BrickOven
(I built this brick oven in a very simple style, but it makes the greatest pizza and bread)

Onion is considered the truffle of the poor, it is a good antibiotic, a natural diuretic, a natural warm up as it produces warmth in the body and contains as many medicinal substances as a whole apothecary could have. It helps against cardiovascular diseases and we all like food believed to be aphrodisiac. Onion and white wine make a perfect potion of positive effect against cold, fever and cough.

Onions fed the builders of the Pyramids, the troops of Alexander the Great and Emperor Nero constantly munched on leeks to clear his throat.

I believe if we take onions away from the kitchen there is no gastronomic art. This was my roasted onion salad last Sunday.

RoastingOnions

On the stove, I grilled the onions first with only olive oil and marine salt. When grill marks formed on both sides, I covered the serving plate with arugula (from my orchard). On top, I laid circles of roasted onions, round slices of tomatoes from my orchard (we want to keep the same shapes for visual effect), I added a few green olives and a citronette emulsion made of lemons from my orchard, olive oil, salt, pepper, and thyme. I said “from my orchard” many times, that’s because I am very proud of being a city girl and know how to grow my own food. To me, it’s about being in control of what I eat.

I cannot make tasty and healthy food any more simple than this.

CipolleArrosto

There was a time when my parents would say “I will leave you on bread and onion!” when my brothers and I did something they didn’t like. With all the good proprieties onions carry, it would have been a nice punishment, but somehow it did not sound so good then.

I am here and always available for consultations if you need to build a brick oven, a kitchen spice garden, or an outdoor kitchen. Ciao,
Valentina

http://www.valentinadesigns.com

Copyright © 2013 Valentina Cirasola, All Rights Reserved



Valentina Cirasola
has been in business as an interior designer since 1990 improving people’s life by changing their spaces. Most often she designs kitchens and wine grottos; outdoor kitchens and outdoor rooms; great rooms and entertainment rooms. Her deep interest in food led her as an autodidact in the studies of food in history, natural remedies, nutrition, and well-being. Finally, she wrote two books on Italian regional cuisine dedicated to super healthy food, easy to make and wrote one book on color theory. Get your copy of Valentina’s books on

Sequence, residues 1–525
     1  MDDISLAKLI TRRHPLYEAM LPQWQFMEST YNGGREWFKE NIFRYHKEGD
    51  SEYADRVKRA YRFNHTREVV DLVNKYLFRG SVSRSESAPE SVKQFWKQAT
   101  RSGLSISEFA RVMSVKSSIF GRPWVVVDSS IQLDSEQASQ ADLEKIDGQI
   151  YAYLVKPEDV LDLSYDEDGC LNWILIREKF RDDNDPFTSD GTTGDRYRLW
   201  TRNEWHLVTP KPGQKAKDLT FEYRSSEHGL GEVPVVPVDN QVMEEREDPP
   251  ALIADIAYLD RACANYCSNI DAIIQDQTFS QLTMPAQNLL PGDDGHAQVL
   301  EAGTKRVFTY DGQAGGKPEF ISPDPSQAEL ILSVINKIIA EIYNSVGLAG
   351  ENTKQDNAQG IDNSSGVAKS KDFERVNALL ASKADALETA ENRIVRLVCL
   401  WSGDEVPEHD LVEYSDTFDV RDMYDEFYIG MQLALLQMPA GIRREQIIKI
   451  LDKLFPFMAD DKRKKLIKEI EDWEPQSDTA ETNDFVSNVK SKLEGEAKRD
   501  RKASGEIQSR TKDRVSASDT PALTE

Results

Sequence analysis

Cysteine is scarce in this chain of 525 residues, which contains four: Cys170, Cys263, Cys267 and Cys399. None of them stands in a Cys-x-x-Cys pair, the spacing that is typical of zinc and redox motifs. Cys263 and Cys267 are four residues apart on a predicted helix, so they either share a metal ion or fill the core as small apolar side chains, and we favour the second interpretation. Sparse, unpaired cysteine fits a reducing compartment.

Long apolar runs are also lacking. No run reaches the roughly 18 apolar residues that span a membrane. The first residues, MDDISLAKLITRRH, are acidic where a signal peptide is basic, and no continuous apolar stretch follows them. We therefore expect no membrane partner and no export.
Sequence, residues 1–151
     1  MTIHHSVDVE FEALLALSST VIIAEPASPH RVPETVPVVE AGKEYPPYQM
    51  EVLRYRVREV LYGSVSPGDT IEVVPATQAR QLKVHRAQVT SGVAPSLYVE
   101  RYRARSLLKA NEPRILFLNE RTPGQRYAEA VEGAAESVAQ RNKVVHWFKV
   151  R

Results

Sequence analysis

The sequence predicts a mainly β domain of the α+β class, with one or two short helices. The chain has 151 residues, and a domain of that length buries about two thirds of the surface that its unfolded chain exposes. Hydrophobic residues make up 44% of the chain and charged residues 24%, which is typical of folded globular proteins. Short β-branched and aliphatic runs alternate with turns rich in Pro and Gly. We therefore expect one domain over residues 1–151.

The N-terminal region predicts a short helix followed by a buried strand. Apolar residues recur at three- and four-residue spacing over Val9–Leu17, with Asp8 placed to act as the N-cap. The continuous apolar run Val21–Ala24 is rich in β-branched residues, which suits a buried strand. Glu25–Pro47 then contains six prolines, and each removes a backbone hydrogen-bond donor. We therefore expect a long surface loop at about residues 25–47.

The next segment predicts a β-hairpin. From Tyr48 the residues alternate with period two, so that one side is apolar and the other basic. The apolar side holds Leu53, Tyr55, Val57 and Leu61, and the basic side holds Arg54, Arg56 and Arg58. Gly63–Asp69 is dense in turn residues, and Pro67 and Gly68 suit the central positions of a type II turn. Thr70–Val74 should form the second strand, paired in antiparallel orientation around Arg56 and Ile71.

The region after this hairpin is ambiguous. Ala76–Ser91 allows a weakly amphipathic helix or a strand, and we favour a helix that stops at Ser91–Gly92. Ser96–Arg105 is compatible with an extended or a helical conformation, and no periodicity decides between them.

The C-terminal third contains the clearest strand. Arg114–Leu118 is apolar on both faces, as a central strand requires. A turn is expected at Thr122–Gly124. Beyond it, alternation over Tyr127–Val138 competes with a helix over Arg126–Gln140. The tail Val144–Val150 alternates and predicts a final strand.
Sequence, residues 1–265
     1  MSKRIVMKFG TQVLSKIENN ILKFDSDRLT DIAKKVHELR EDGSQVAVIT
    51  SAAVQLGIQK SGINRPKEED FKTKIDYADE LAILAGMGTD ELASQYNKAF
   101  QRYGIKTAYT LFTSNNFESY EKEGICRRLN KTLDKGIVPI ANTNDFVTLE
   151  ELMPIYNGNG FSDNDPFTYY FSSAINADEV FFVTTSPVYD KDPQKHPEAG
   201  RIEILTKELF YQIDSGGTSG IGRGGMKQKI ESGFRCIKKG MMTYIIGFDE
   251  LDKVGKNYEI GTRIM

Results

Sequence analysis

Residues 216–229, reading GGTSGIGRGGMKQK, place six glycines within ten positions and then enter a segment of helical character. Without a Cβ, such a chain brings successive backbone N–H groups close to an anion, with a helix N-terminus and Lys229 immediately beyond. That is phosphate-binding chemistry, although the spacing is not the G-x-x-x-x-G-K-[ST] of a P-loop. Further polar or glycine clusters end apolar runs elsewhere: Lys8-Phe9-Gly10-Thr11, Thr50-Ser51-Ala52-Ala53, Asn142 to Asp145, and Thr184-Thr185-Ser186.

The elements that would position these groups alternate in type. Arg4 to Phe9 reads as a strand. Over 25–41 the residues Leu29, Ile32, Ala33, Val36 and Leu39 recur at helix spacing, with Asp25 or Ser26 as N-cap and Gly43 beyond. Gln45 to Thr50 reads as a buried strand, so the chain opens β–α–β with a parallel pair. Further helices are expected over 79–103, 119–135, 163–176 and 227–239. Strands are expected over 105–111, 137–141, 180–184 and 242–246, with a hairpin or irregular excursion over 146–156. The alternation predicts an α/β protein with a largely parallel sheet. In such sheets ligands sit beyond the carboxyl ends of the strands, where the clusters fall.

Barnes&Nobles: http://goo.gl/q7dQ3w

Loving Escargot | Valentina Cirasola | Author and Designer

To kill them or to eat them! That is my question, my garden is so full of escargot.
If I ought to call them snails, slimy little creatures that destroy my plants and food crops, then I feel to kill them, but if I think of them as escargot, suddenly they become expensive and precious morsels.

Ancient Greeks and Romans appreciated escargot as a fine and delicate dish. Before cooking them, they purified their little stomach by leaving them to soak in milk bath for a few days until the snails got totally bloated and couldn’t get in their shells anymore. Purify them meant to eliminate any bitter grass or poisonous fungi (to humans) the snails had possibly eaten. The same practice goes on today.

The annals tell us that in 49 B.C. a certain Fulvio Lippino was the importer of snails from the islands of Sardinia, Sicily, Capri, from Spain, France and North Africa and supplied the large demand of the rich Romans.
Through the Middle Ages a plate of snails was well-regarded as a lean speciality. In fact, 3.5 oz. of snail meat without shells has only 0.4 protein and 0.05 fat, which means that calories are less than 65 per 3.5 oz. It is highly digestible, the meat contains water, salt and the shell transfers calcium and phosphorus to the meat. Snails are good food to protect against bacteria.

I thought that snails were one of the few poor food farmers could afford to eat. With rustic bread, a piece of cheese and a robust red wine their meal was complete, but at the beginning of 1800’s French chefs revived this little crawlers with the famous Escargot à la Bourguignonne, raising the price to a new height.

As I said earlier, before tackling the cooking it’s important to purify the snails from their saliva and impurities in their bellies. One way is to close them in a box with a lid well aerated on the bottom and leave them to dry for a few days; another way is to feed them corn meal until they are really fat (just like keeping them in milk) and can’t get back into their shells. Some people scald them in hot water. Whatever method you will choose, this process it’s important to eliminate the bitter taste and impurities.

Infinite are the ways to cook snails. My favorite way is with a light tomato sauce, easy and simple.
The only ingredients needed are:

Snails
Extra-virgin olive oil
Chopped garlic
Sun dried tomatoes (a few)
Chopped fresh tomatoes
1 Glass of white wine
A hand full of fresh basil leaves
Salt and hot chili pepper to taste

Sauté in olive oil snails with the shells, garlic and sun-dried tomatoes. Flavor with 1 glass of white wine and let it evaporate.
Add chopped fresh tomatoes. Season it with salt and chili peppers to your taste and cook for about 15-18 minutes.
Before serving, give it a sprinkle of fresh basil leaves.

This is the way my grandmother made them and has remained my favorite of all snail recipes from Puglia.

How To Eat Escargot

  • Snail tongs and a slender two-pronged snail fork are always at to the right of the plate.
  • Use the tongs to grip and hold the snail-shell in place.
  • Use the snail fork to pull out the meat from the shell.